Is this even ENGLISH? I get the Word of the Day emails from M-W.com. Usually, if I don’t know the word, I understand the definition. It’s very rare that the definition actually confuses me more. The etymology of the word is my last resort – in this case it’s even worse! These Merriam Webster wordies are WHACK, man.
The Word of the Day for September 28 is:
syncategorematic \sin-kat-uh-gor-uh-MAT-ik\ adjective : forming a meaningful expression only in conjunction with a denotative expression (as a content word) Example sentence:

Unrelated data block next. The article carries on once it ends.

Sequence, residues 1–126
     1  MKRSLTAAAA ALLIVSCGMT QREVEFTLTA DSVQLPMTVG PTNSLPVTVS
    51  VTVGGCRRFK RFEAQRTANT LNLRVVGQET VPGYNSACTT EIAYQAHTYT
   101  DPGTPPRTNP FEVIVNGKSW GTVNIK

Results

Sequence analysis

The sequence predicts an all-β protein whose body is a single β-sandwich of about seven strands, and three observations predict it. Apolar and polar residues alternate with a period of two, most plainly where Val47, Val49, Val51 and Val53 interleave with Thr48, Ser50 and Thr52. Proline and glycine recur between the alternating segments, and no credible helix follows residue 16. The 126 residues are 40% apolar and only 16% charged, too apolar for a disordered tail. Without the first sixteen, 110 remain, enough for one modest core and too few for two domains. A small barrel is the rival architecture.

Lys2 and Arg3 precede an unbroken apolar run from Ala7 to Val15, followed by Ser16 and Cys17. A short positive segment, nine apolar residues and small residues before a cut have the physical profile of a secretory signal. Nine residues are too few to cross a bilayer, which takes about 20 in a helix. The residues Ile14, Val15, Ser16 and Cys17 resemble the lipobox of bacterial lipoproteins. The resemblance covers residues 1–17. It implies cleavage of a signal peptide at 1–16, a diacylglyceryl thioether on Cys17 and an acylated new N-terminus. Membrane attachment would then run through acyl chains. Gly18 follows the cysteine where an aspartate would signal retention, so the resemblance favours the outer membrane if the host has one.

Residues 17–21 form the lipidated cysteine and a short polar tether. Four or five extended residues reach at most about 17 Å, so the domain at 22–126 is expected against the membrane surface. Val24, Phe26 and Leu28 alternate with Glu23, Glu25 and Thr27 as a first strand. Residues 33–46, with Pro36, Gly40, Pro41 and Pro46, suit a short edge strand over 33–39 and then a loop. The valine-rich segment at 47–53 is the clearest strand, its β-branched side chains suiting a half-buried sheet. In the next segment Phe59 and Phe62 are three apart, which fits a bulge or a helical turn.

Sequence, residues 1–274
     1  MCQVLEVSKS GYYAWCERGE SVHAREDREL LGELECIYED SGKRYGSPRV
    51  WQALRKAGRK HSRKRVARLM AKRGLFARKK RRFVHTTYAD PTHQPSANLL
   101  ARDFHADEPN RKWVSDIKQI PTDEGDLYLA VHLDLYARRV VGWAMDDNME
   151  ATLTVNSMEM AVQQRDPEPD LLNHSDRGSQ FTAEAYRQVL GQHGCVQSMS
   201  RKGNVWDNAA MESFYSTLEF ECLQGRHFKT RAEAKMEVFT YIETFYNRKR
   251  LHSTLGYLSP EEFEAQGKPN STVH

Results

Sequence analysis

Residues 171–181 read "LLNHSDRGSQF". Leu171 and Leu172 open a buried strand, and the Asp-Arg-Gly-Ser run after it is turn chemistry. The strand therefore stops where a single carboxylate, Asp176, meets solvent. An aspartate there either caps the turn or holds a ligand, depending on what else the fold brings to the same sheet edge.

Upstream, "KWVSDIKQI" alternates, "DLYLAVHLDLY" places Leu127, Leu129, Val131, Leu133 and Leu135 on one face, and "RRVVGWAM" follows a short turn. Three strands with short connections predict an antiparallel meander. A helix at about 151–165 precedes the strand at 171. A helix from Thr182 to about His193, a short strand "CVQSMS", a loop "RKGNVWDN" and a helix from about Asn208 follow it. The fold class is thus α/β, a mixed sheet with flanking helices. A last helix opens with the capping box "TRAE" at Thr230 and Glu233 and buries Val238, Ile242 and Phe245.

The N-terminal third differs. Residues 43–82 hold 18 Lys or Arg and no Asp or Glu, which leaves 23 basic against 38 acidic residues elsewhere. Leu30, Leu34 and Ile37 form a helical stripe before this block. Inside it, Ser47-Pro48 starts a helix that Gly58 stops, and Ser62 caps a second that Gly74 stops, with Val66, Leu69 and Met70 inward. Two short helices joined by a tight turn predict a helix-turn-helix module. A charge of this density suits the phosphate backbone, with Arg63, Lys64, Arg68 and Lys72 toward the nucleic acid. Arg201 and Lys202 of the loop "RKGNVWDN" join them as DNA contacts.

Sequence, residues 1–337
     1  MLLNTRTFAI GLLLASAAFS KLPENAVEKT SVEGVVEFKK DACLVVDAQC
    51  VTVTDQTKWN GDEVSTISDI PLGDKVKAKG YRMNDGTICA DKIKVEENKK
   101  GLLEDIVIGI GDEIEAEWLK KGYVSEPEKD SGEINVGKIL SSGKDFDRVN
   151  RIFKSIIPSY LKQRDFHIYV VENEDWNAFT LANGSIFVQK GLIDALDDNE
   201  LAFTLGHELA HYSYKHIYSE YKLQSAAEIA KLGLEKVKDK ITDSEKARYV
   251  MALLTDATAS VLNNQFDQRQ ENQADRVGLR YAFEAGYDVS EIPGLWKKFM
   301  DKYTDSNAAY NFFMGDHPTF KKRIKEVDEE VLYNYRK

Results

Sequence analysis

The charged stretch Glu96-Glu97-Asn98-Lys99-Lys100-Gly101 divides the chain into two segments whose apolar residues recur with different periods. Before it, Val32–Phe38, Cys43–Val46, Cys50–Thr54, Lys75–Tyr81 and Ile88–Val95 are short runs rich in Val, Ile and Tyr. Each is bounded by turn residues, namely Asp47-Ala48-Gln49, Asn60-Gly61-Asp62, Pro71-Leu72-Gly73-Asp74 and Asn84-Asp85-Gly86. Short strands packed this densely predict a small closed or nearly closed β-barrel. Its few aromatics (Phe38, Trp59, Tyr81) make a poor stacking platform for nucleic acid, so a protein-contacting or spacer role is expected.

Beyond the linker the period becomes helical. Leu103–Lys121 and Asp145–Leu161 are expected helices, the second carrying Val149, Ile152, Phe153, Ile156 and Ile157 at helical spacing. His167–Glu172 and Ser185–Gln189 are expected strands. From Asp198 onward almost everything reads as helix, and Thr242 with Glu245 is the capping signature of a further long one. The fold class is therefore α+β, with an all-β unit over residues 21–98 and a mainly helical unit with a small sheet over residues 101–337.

“In any language, there will be what are called syncategorematic words, such as prepositions and articles,” explained Dr. Lewis. See a map of “syncategorematic” in the Visual Thesaurus. Did you know? In ancient Greek logic, “katēgorēma” referred to something that was affirmed or denied about the subject in a proposition. For instance, in “the paper is white,” “whiteness” would be the “katēgorēma.” Seventeenth-century logicians extended this concept, which they called “categorem,” to cover the subject of the proposition as well. So, in the proposition “All men are mortal,” “mortality” is a categorem and so is “man.” But what about “all”? Words like “all” that signify quantity (as well as words that function as adverbs, prepositions, or conjunctions) are syncategoremata — that is, they are words that have meaning in propositions only when used in conjunction “with” other words. (“Syn-” means “with.”)